If founders, chefs and other creatives are the beating heart of the restaurant industry, then franchisees are the veins delivering their ideas to all corners of the globe. Franchising is critical to the success of the industry, allowing brands to quickly scale their big ideas using other people’s capital. And whether it’s a mom-and-pop restaurant owner with one or two franchised restaurants or a seasoned veteran whose influence in the industry is well-known, franchisees — with all their individual attributes, styles and personalities — make a huge impact on the success of a business.
For this week’s Franchisee Spotlight, we’re featuring Brent Armstrong, who has been with Little Caesars for 37 years, climbing the ladder from part-time high school employee to an owner of two stores in the Detroit area. We spoke with Armstrong about his professional journey and passion for people as a franchisee.
“In the summer of 1985, I started Little Caesars before my senior year of high school just to earn a couple extra dollars and then I quit to go to technician school, but that wasn’t really my calling. My brother actually got me to sign on to Little Caesars full-time, […] We were maybe around 20 and we got to work full-time and support our families. […] The director told me to show up Monday and start training for management. I learned early on, that the company that I worked for was very personal. And all it took to be recognized was just hard work and application. [...] shortly after that supervisor came to the store, and we met in his office and it was like a lightbulb went off for me that this is something I wanted to do—I wanted this to me my career path.”
Becoming a franchisee
“I was getting ready for work one afternoon and my son came in the bathroom and said there is a Mr. I on the phone, and it was Mike Ilitch [the founder of Little Caesars. He said ‘I've been watching your results. You’ve been doing great […] What would you like to do here?’ And I looked at him and said that I would love to work for myself. So he basically snapped his fingers and called people in real estate and construction and we began the process. […] In 2009 I opened store one and he said ‘I’m going to give you a great opportunity’ and then when I opened store two in 2016, that’s when I left corporate and became a full-time franchisee.”
Advice for becoming a franchisee
“Pay attention to your people because without your people, you’re nothing. […] Be cognizant of the people you work for and work with and the people you serve. One of my goals is for someone in my company who comes from the same walk of life that I came from to show them that there are opportunities [like franchising] that might be outside the norm for them. […] Like Mr. I instilled in me, you get recognized for your integrity and hard work and then the sky’s the limit.”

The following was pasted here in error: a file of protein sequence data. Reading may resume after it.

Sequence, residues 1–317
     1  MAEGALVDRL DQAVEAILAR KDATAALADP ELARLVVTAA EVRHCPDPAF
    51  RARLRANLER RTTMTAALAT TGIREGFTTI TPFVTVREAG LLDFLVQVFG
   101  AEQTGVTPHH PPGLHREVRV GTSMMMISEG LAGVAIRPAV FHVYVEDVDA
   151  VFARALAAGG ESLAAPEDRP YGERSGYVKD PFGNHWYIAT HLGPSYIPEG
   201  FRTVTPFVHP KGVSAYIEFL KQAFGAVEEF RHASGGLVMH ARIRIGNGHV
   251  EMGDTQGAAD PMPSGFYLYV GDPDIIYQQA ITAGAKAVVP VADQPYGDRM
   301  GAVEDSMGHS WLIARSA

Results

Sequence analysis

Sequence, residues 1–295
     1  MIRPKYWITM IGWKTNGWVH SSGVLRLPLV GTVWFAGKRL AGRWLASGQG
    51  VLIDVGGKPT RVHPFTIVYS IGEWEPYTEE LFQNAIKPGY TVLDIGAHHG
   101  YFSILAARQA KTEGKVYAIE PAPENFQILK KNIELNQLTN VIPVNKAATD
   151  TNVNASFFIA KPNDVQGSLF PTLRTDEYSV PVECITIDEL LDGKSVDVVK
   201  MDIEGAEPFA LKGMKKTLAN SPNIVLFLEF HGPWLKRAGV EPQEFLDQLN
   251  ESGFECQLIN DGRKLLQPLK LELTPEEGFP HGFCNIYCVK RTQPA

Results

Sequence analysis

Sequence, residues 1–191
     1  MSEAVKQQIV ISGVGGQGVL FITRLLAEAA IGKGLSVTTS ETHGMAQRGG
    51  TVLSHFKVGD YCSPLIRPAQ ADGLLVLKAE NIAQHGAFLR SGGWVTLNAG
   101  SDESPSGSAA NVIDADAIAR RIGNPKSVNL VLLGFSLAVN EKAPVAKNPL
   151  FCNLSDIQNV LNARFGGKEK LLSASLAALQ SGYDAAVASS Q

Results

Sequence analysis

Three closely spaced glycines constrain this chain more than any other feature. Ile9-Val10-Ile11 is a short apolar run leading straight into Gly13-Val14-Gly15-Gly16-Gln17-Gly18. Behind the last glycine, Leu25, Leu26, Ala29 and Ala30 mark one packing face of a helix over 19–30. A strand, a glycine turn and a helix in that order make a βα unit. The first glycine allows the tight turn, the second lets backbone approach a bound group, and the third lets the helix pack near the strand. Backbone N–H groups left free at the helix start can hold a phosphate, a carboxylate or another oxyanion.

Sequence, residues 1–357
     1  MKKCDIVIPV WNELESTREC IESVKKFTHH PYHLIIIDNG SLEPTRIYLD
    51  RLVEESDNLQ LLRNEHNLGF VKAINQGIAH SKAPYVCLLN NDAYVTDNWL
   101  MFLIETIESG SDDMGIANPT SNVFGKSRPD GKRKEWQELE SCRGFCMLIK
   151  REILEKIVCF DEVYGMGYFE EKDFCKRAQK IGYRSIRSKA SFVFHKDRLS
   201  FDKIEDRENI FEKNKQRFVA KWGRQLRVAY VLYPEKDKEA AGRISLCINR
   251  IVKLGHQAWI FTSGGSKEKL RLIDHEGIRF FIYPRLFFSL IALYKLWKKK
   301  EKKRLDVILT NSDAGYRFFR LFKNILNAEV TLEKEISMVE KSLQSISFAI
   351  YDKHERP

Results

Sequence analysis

Becoming a mentor
“I consider myself the face of Little Caesars! I went from just your average Joe crew member, the guy from the neighborhood to [an owner]. […] I was on the corporate side and as I continued to be promoted I was grabbing people and showing them, ‘you can achieve the same things by doing this.’ The company is designed to notice and acknowledge people on the inside who are doing really well. […] There was never a ceiling, or a closed door. As you continue to grow, and maybe you think a door is closing on your because of age or sickness, or having kids, but the door was never closed on me.”
How COVID changed the franchisee pool
“The ones who did not have opportunities before, and now they do. COVID definitely changed the world. Everything in [the restaurant industry] is going to be different moving forward. I think there are more opportunities available than ever. A lot of the mindset is not just ‘work hard’ as it’s always been, but it is more personally-driven.”
Passionate about people
“If you're sitting in front of me and you’re 16, you represent the future of growth to me. I tell all my new hires, ‘I want you guys to bury me.’ I’d rather hire these people and then never have to hire again. […] and the cycle continues. I get excited about creating a platform where people are happy to work for me. […] So it becomes more than just a job: I want to create an atmosphere where you feel excited coming into work and then while you’re here, you say that you’re hoping to grow.”